NEPA is said to be “procedural” rather than “substantive.”[6] It requires rigorous contemplation of environmental impacts, but doesn’t mandate an environmentally friendly final decision by the agency.[7] It doesn’t require agencies to commit to mitigation plans,[8] and agencies must consider only the reasonably foreseeable effects of their actions, and not the actions of others outside their control.[9] Also excluded are psychological harms caused by a proposed action, absent a significant physical change in the environment; risk of danger alone need not be analyzed.[10]

Getting the Most out of NEPA for a Solar Geoengineering Research Program

Scientific research tends to be characterized under NEPA as lacking environmental impacts, given “the long term effect of the accumulation of human knowledge . . . [is] basically speculative and unknowable in advance.”[11] Initial field research into solar geoengineering—be it passive observation of the stratosphere by NOAA Research, or minimally intrusive manipulation like in SCoPEx—wouldn’t produce “significant” impacts under NEPA. Moral hazard or slippery slope risks lack a sufficiently strong connection to the physical impacts of the experiments themselves. NOAA has provided for categorical exclusions (CEs) that could readily be applied to a stratospheric research program carrying out the objectives of the FY2020 Congressional appropriation. Applying a CE would obviate the need to do further NEPA analysis, such as an EA or EIS.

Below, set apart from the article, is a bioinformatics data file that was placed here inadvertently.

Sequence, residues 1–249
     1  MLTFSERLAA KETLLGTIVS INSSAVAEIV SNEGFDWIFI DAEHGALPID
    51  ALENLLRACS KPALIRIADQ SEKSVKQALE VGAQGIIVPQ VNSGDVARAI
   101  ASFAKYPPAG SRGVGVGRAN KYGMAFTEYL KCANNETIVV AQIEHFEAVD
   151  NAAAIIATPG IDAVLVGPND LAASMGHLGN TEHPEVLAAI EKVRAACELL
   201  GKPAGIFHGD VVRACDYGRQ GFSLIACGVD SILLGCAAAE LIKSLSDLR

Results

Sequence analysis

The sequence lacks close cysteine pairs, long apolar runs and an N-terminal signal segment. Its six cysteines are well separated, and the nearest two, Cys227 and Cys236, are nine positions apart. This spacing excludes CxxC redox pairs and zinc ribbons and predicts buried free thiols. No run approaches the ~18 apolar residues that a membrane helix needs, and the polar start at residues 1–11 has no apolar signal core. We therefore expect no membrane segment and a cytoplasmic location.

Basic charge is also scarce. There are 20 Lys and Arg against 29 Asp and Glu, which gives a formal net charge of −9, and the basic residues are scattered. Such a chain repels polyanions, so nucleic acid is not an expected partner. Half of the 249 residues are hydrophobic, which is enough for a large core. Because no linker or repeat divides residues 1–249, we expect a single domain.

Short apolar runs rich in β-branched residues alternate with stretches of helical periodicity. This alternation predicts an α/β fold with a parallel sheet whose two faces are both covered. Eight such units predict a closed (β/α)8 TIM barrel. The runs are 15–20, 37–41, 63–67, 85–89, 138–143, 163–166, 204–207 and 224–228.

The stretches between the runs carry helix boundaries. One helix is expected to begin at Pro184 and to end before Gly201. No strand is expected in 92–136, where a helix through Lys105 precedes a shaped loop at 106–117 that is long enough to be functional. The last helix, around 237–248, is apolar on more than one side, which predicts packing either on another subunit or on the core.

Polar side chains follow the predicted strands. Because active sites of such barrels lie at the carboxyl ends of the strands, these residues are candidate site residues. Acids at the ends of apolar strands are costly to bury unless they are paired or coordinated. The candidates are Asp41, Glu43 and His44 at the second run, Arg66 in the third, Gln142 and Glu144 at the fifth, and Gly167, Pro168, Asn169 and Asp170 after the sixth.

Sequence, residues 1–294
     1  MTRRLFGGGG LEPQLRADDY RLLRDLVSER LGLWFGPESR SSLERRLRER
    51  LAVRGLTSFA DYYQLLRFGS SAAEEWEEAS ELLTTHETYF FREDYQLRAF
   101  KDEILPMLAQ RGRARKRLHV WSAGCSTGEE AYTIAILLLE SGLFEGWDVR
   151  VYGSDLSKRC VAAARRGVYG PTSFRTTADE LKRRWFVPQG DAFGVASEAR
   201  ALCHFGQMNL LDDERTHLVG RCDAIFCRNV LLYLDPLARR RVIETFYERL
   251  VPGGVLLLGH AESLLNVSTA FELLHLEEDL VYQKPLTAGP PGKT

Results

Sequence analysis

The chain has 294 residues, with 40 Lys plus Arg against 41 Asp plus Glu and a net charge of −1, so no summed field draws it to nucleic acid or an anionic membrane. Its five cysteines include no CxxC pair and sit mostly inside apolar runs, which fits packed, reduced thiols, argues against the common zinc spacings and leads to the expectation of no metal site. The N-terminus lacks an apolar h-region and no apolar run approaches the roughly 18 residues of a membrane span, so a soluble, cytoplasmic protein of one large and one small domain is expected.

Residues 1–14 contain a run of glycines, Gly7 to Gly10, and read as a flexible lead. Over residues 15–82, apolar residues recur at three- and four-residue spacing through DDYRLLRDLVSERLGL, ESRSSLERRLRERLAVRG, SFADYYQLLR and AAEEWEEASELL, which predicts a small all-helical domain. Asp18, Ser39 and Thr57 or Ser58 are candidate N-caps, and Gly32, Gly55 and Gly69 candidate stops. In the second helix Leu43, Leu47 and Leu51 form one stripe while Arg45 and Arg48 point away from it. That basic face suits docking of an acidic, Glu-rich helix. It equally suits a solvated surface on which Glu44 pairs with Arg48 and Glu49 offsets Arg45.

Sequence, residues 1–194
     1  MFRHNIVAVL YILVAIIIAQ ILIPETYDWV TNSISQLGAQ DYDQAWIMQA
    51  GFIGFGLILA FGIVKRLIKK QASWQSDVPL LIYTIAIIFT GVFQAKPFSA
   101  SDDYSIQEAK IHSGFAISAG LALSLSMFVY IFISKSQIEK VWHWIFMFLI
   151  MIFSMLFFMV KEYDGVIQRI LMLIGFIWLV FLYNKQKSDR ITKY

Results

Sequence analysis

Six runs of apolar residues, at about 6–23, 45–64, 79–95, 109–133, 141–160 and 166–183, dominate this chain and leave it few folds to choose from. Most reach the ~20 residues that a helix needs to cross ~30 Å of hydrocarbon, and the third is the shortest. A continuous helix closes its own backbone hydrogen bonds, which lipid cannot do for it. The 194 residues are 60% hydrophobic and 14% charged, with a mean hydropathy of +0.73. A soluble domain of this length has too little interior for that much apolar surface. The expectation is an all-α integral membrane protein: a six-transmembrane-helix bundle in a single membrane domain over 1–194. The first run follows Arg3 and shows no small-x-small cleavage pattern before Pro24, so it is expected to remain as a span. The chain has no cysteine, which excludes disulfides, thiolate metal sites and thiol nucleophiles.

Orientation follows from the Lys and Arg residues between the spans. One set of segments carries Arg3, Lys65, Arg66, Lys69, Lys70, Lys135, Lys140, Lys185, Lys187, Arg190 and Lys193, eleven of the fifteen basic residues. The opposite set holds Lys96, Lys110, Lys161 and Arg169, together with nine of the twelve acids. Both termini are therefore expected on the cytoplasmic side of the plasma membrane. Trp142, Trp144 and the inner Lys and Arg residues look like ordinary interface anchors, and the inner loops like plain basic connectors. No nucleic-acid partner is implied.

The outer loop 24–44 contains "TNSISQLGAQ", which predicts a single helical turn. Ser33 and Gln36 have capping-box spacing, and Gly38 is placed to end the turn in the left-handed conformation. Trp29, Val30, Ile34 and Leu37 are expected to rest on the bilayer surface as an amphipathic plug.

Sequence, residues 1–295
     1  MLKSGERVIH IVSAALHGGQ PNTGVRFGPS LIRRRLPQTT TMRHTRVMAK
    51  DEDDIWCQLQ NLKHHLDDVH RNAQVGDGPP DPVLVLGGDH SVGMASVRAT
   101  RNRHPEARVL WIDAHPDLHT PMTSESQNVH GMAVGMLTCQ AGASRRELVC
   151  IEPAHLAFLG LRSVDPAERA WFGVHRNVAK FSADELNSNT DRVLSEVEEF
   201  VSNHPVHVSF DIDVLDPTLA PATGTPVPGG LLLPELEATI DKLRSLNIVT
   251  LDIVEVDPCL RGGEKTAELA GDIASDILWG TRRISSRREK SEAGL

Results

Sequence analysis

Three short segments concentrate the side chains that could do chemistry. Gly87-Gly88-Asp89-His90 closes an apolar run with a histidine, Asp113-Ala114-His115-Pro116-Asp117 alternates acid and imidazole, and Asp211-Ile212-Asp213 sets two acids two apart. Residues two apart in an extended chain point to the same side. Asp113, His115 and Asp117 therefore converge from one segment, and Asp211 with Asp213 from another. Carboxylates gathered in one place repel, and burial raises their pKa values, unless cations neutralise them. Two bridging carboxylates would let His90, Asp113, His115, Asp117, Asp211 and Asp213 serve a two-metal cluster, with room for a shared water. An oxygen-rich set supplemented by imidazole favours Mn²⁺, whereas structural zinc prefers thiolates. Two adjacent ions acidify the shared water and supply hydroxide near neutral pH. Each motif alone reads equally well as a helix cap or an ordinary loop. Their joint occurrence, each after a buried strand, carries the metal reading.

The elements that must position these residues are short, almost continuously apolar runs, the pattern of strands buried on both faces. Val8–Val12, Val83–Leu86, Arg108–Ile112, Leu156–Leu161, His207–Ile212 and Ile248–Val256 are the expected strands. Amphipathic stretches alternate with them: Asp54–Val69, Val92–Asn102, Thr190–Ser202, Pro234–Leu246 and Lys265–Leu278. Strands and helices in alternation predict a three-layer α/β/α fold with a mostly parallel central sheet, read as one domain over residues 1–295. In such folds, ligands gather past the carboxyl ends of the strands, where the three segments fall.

But that same NOAA guidance states that more in-depth analysis may be warranted in “extraordinary circumstances,” such as “highly controversial environmental effects.” (pp. 4–5). Furthermore, current implementing regulations for NEPA advise that “[a]n agency may . . . prepare environmental assessments” even when a categorical exclusion is applied,[12] while current CEQ guidance instructs that programmatic review can take the form of either an EA or EIS.[13] Pulling these principles together marks a path for more expansive NEPA review.

The first federal research program into solar climate interventions is certainly “extraordinary” and “highly controversial.” It would be well within NOAA Research’s discretion to launch a Programmatic Environmental Assessment (PEA) to explore the attendant risks and impacts. The PEA could then be incorporated by reference if NOAA Research applies categorical exclusions to individual experiments.

NOAA seems a good fit to lead such a review, with participation of agencies like the FAA and EPA, given its duties to research earth systems, protect marine environments, and manage living resources. Others appear to agree: A bill introduced in the House would expand NOAA Research’s authority to receive reports and give recommendations on solar geoengineering field research (though it would still lack permitting authority).